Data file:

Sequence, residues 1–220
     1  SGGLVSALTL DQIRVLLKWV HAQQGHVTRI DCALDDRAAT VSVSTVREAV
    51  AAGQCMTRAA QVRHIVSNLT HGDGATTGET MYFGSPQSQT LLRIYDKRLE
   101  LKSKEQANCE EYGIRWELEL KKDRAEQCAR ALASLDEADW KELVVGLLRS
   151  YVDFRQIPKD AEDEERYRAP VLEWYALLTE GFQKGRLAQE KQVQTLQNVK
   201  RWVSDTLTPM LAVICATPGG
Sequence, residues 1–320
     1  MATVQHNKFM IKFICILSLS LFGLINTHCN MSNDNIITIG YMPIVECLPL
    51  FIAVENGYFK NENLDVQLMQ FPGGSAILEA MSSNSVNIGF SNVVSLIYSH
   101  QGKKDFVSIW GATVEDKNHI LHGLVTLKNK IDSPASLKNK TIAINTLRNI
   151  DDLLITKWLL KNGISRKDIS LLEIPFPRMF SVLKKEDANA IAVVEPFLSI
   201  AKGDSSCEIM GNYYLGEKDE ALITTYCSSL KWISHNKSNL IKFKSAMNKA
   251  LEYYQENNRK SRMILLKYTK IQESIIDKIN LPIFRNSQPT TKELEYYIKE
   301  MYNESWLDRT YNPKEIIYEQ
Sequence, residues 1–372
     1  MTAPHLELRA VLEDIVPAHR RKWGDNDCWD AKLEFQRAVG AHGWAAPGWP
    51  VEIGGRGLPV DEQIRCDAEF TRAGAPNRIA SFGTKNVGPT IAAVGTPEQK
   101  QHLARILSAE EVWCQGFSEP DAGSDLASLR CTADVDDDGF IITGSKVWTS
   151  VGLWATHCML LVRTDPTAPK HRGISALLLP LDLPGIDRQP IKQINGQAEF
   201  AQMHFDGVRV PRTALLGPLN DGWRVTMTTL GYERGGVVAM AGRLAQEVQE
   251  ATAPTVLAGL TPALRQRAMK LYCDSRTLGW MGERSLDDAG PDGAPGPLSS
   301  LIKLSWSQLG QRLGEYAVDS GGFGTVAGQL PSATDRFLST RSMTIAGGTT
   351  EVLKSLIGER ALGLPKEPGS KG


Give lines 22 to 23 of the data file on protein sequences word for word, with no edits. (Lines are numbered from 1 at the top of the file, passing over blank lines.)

   301  LIKLSWSQLG QRLGEYAVDS GGFGTVAGQL PSATDRFLST RSMTIAGGTT
   351  EVLKSLIGER ALGLPKEPGS KG